“Failure is simply the opportunity to begin again,
this time more intelligently.” 
Henry Ford

I’ve wanted to be an actress for as long as I can remember. Theater specifically has been my first love and passion in a way nothing yet has been able to match. This is funny to say since when I had my psychic awakening, it felt like a fundamental shift in the direction of my life and a signal I should forever leave acting behind.

However, I went back to school ostensibly to finish my BA in order to get my Master’s and become a licensed therapist. I majored in theater again because, I told myself, it would be faster to graduate since that was my original major.

And then it happened.

The old love woke up with a ferocity that showed it had never really gone away. I realized I didn’t want to be a therapist, I wanted to act and that was the real reason I went back to school. This has proven to be severely problematic for me because, as you will see, my relationship with theater has never been an easy romance. I’ve likened this particular passion to a fire, the closer I get the more I am burned.

My journey with theater speaks to an aspect of life purpose that is perhaps less pleasant but deeply important.

Your purpose is not here to make you happy, it is here to make you grow.

I originally gave up theater because I didn’t get into the acting program at Southern Oregon University. It was the culmination of years fighting an uphill battle to act, and I finally broke. This devastated me at the time, but it also put me directly on the path that led to my psychic awakening and the work I am doing now.

When I went back to school recently and rediscovered my love for acting, it felt like I had come full circle. I had learned many lessons, and was ready to perform on stage as an integration of those lessons.

Then, almost exactly as before, I didn’t get into the acting program at Portland State University.

It would be too much to explain exactly how I failed, but suffice to say it happened in such a way I feel it was not a reflection of my abilities as an actress but of a deeper cause. Since then the same uphill battle experience has appeared in force, and I feel myself thwarted in a manner that reminds me of why I gave it up before.

Theater has always presented in my life as a locked door. In efforts to find a way in, I have pursued it with everything I have, given it up completely, gently dabbled in it, and passionately pursued it once again. However my approach, and however much I work on myself, I have yet to find the key that unlocks that particular door.

This article is not a story of success. It is a story of failure. It is one month after I didn’t get into the acting program. I am currently sitting outside the locked door of theater, still trying to find my way in. I vowed this time I would not give up acting again no matter what, but I wonder.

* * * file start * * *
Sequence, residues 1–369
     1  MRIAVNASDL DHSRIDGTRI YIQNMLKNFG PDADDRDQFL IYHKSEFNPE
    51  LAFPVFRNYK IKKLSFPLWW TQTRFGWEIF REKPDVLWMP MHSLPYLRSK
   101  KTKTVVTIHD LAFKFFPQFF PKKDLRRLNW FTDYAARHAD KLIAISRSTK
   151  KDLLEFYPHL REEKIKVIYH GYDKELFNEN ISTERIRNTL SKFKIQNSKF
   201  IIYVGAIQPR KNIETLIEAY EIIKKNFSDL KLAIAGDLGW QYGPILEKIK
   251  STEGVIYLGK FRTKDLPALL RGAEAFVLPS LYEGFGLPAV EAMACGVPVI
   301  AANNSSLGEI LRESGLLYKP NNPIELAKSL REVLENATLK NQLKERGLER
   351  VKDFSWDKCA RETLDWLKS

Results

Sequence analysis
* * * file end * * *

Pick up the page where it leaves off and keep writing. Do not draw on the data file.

Sometimes we want something not because of the thing itself, but because of who it requires us to become in order to achieve it. I have not yet been able to explain why I struggle so much to do the art form that speaks to me the most, but I do know my struggle reflects an attachment of ego.

Right now, the idea of acting at any level feels too good to be true. It’s like a shiny unreachable gem. Any time something is idealized like this it reflects an internal imbalance, I must heal something inside and claim for myself whatever I think it is theater will give me. Then I may or may not still want to act.

Purpose has many expressions. My work as a psychic is one aspect of my purpose which I fully love and embrace, yet that work has always come easily to me. The challenges associated with it, while meaningful, have been comparatively small and doors have flung themselves open as I do the work itself.

With acting, my purpose pushes me harder and demands I grow into a level I don’t yet know how. The amount I want it reflects the amount I must be willing to grow to achieve it. I can’t fake my way into it.

If there is something like this for you, something you yearn for intensely yet can never have, listen to the locked door. What are the benefits of this challenge in your life? What are you being asked to let go of? How are you making it hard? How can it be easy?

These are the questions I sit with today. When I find the key to my current locked door, I will share that story. I know from experience that the benefits of going through this difficulty will last forever, and the problem will end the moment I no longer need it.